An Interview With Tug Rice, Illustrator

An Interview With Tug Rice, Illustrator

Tug Rice is a New York City based illustrator who has also worked as both an actor and a writer. His art draws on the glamour and charm of a bygone era while retaining a contemporary, cutting edge feel. His illustrations have featured in publications including Elle Decor and Harper's Bazaar and he has worked with esteemed clients from Dior to the Carlyle Hotel.
We are delighted to have collaborated with Tug on three collections of enamel and fine bone china pieces which will be released throughout October 2021. Here, read him answer a few of our questions giving his thoughts on drawing, drama, and Dalmatian print.
When did you first realise you could draw?
I can’t remember a time when I didn’t draw. It was a natural part of my day even as a young kid. I filled notebooks and notebooks with drawings of invented characters. I remember my paediatrician saw some drawings I had done and asked if she could keep them. She thought I might end up becoming a professional artist someday. I wonder if they’re still in her desk drawer...
How do you think your work as both an actor and a writer informs your artwork?
When I set out to create an illustration, a story inevitably forms. There is a narrative and it involves all the elements of a play or other work of fiction: leading characters, a setting, costumes, props, action, sometimes secondary characters, etc. I think of my illustrations as theatrical tableaux that could be put on a stage or adapted into a short story. It’s all connected. And, as in a drama, in addition to what’s obviously occurring in the scene there is often something else underneath.

What inspires all of that creativity in you?

Certainly living in the heart of Manhattan has its advantages. There are so many eccentric characters walking around, it really is like living inside a cover of The New Yorker. I find I don’t have to stretch too far to find inspiration. If I just look out my window, I’ll eventually see something interesting. As I’m writing this, I just poked my head out and saw a woman in a Dalmatian print coat walking her pet Dalmatian. I might have to draw that. 

The rosy-cheeked characters you paint are so animated and intriguing, and your pieces have been described as nostalgic, glamorous, and charming. What feelings are you trying to capture and express in your paintings?

Curiosity is what I’m after. Part of the fun is that I don’t necessarily know who these characters are or how they relate to each other. I make them up and I put them in scenes with other characters and it’s like a party game guessing their relationships and what’s going on. They are conversation pieces and I’m always amused to hear what people infer from these still images. There’s no right or wrong answer; it’s interpretive and it invites you to engage with the art.  On a second or third viewing, you might catch something you didn’t see before or make a new assumption about the scene. 

Which other contemporary artists do you admire most?

David Downton, Andrea Ferolla, John Currin, and many more. 

Tell us a bit more, if you would, about the esteemed figure that is Hal the Bear and his story?

Gladly! As I understand it, charming bears have been a part of the Halcyon Days DNA for a long time. There were bear-shaped collectible bonbonierres and every year a new one would be introduced. Then for some years the bears went into hibernation. When I started collaborating with Halcyon Days, CEO and Chairman Pamela Harper asked if I would design a new bear. It was time for a revival. Pamela thought he should be a “bear about town” — distinguished, British, well-dressed — basically, the bear we all want to be or befriend. I had a wonderful time creating him. And when he was finished, Hal just seemed the perfect name. To me, Hal is an effortless dandy. As we see him currently in his velvet dinner jacket, tartan trousers, and walking stick, I imagine he is en route to a very smart  Christmas party in town. After that, he’ll probably pop into the club for a digestif with some pals and then retire to his tastefully decorated rooms in Half Moon Street. He has a very nice life!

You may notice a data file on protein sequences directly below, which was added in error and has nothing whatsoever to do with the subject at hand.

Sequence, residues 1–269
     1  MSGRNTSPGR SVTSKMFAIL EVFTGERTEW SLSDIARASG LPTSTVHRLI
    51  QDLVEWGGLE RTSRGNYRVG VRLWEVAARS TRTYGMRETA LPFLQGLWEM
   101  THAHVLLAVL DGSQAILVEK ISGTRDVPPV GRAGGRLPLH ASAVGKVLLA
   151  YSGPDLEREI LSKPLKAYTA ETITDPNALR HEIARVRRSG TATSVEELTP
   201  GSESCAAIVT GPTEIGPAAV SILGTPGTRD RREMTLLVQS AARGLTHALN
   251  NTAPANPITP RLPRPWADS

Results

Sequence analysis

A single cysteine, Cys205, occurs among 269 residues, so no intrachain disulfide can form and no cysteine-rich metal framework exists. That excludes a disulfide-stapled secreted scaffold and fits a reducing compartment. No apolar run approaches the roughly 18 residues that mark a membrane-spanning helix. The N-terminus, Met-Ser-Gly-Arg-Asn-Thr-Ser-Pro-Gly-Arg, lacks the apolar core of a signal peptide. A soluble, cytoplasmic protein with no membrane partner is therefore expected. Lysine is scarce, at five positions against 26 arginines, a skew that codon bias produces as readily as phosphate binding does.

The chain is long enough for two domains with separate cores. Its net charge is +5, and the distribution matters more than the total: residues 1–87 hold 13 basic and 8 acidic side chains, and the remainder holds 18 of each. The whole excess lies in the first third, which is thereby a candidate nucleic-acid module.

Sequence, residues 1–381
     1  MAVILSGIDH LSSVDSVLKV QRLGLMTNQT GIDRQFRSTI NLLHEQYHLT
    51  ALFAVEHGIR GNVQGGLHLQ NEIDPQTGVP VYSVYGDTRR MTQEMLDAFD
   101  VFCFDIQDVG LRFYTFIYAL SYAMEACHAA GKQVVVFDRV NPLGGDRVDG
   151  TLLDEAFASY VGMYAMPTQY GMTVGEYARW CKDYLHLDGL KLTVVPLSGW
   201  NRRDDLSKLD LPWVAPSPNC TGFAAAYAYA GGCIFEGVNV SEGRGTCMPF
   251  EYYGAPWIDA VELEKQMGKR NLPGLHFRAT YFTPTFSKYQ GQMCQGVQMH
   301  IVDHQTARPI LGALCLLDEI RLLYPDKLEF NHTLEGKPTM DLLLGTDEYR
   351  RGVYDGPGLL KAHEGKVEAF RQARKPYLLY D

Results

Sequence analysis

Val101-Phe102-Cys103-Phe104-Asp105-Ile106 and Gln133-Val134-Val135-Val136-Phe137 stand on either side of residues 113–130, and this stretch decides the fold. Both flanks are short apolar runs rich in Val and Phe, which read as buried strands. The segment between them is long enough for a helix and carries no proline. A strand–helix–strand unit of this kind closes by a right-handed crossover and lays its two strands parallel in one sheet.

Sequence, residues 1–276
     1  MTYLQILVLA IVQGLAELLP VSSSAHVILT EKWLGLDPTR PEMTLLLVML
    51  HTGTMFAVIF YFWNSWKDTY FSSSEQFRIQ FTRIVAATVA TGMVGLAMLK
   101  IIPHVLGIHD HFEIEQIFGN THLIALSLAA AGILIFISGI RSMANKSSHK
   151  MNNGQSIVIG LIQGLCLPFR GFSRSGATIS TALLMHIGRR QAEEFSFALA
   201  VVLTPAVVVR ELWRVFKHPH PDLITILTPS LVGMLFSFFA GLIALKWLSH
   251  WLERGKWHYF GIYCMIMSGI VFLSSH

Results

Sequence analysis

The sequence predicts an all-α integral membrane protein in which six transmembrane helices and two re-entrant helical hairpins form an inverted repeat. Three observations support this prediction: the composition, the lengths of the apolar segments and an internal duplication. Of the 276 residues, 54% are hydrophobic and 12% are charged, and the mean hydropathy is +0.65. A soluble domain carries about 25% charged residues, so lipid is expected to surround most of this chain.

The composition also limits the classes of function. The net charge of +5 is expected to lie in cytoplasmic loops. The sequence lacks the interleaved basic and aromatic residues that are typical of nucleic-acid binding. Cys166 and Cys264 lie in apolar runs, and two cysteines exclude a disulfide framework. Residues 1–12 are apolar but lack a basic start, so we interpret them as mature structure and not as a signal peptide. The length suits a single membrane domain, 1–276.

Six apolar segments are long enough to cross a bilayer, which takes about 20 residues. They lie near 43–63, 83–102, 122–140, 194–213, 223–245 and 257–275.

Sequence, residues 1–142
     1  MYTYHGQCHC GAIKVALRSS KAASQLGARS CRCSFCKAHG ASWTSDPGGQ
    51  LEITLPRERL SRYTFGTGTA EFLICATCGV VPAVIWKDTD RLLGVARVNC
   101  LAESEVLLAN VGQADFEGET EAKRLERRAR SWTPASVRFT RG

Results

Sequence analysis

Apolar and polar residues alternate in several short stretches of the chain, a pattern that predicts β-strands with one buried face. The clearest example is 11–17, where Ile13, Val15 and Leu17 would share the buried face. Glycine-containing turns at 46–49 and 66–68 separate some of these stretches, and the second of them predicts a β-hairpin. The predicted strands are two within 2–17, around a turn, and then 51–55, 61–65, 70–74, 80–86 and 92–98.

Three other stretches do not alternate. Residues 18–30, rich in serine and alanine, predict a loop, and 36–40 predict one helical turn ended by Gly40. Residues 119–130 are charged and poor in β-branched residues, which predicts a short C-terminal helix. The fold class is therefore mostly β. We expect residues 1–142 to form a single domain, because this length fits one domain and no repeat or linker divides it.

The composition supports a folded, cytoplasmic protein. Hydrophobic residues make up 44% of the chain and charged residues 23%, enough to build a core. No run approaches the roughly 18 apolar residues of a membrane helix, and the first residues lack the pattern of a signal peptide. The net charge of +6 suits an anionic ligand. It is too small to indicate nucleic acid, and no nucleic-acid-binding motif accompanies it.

As a proud New Yorker, how do you view our home city, London?

There’s an adage I’ve heard about foreigners who visit London for the first time and it’s that London is the only city in the world that lives up to one’s high expectations. That was definitely my experience when I first visited. I couldn’t believe that the history, charm, and beauty I’d read about were actually real. It’s astounding to be surrounded by those things on literally every street. Although I love New York, we just don’t have the same age and patina. London is very special to me and I’m proud to be collaborating with a company with such a strong presence there. And I cannot wait to return. 

Finally, what’s your idea of a perfect Christmas day?

Lots of naps. I’m a Christmas Eve person so Christmas Day for me is usually very low key and relaxing. I like to be in a bit of a food coma from the night before and for there to be a roaring fire nearby. I’d be perfectly happy spending the day on a sofa, drifting in and out of sleep with a new book on my lap. Eventually, I might manage to pull myself together for some chocolate chip cookies, preferably served on a Halcyon Days plate.

Tug Rice's three collections created in collaboration with Halcyon Days will be released throughout October 2021. See the Hal the Bear collection here and view Tug's website here.

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